The Grieving Process
There is no one “right” way to grieve, and there is no way to anticipate exactly how the feelings of sadness, anger, loss, and loneliness will heal and resolve. Some have described the grieving process as a roller coaster, filled with highs and lows. Over time the roller coaster evens out so the highs and lows are more manageable, but the big ups and downs can reappear, especially at important family events, anniversaries, holidays, or other special occasions. People who have suffered grief do say that it will get better with time and the support of friends and loved ones.
Suffering from Grief – The Signs and the SymptomsGrief can manifest itself in several ways. Here are physical conditions and ailments that can be triggered by grief.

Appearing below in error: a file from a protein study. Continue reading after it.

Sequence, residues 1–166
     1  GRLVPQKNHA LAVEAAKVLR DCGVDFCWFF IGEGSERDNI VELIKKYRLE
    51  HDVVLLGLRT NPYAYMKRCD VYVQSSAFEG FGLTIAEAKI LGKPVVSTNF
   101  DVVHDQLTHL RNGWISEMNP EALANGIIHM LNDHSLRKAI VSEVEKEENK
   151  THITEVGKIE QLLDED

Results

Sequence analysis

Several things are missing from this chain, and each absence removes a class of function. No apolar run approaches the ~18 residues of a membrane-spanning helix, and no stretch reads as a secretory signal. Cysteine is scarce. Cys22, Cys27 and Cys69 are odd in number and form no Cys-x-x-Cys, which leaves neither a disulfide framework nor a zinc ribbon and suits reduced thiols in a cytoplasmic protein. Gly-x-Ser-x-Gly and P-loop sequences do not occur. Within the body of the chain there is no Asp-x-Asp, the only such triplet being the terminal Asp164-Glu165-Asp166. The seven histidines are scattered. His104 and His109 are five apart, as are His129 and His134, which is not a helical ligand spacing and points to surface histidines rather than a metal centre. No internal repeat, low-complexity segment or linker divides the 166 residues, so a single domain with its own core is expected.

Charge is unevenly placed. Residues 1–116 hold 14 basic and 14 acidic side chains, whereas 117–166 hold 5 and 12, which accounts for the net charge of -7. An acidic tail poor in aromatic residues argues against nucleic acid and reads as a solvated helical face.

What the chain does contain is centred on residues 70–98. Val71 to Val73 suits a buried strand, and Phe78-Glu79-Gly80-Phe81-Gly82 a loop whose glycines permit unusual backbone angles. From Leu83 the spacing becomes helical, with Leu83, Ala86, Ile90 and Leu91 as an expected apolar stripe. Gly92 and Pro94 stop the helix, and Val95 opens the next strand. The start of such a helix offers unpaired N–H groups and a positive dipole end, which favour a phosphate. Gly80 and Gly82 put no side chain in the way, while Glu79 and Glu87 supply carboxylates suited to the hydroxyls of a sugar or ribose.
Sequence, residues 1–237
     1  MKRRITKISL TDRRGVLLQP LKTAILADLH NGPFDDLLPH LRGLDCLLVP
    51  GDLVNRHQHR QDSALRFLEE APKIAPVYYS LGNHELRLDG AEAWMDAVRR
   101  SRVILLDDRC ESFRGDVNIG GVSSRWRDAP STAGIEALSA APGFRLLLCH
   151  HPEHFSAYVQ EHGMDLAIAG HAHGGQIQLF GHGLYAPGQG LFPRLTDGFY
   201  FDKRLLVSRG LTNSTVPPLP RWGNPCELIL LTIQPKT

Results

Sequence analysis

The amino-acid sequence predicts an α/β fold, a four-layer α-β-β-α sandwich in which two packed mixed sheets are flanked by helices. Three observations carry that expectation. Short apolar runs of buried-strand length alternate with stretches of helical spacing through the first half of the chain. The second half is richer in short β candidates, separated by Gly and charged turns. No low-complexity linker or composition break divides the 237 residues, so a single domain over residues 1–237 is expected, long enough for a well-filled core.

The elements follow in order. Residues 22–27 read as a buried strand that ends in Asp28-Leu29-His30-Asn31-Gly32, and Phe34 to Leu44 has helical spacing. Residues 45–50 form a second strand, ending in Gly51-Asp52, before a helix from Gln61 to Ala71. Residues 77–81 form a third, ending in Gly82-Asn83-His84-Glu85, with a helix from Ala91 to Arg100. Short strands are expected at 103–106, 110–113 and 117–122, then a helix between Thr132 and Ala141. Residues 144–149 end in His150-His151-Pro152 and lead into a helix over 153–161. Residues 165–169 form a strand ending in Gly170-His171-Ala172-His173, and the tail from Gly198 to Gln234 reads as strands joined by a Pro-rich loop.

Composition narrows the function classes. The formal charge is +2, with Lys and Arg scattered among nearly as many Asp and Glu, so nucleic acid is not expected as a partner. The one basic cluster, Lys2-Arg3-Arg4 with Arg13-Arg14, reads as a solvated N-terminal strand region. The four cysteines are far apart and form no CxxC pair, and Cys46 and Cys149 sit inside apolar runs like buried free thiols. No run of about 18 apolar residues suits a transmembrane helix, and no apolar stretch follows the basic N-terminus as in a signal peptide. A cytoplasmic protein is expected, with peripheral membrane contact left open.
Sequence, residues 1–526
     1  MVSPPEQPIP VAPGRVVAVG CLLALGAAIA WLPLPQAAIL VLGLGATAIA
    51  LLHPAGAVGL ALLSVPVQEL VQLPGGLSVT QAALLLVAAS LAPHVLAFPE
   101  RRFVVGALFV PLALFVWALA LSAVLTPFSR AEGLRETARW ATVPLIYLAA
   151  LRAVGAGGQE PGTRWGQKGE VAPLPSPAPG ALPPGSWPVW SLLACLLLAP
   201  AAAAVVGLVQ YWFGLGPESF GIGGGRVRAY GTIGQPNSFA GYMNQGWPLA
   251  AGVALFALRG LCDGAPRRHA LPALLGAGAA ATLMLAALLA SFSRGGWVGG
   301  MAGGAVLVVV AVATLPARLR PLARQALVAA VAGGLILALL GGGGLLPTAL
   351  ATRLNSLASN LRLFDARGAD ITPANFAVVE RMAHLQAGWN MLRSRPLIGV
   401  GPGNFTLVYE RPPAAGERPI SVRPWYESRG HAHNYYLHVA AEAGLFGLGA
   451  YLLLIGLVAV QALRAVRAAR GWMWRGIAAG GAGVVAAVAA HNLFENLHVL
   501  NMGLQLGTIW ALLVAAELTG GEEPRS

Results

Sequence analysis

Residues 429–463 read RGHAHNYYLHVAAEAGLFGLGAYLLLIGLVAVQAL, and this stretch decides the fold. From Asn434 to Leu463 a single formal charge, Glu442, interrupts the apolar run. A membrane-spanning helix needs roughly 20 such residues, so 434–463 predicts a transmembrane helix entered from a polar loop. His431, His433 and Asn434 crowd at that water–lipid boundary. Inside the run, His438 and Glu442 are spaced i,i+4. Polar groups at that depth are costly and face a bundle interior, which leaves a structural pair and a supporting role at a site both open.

- Inability to sleep
- Stomach pain
- Gastrointestinal upset
- Chest pressure
- Heart palpitations
- Panic attack
The Five Stages of Grieving
- Denial: Often times one will feel numb and in shock over a traumatic loss
- Bargaining: Saying “If only you come back, I will never be/do (such and such) again”
- Depression: Feelings of intense sadness that can lead to crying jags and decreased every day functioning
- Anger: Feelings of anger towards the one you lost, yourself, or at the feelings of loss in general
- Acceptance: Coming to terms with the reality of what is without judgment of self or others.
Dealing With Grief
It is important to remember that these stages do not flow in a uniform structured pattern, but often move back and forth between various stages until acceptance is reached. It is beneficial to seek professional help for navigating the feelings associated with grief/loss.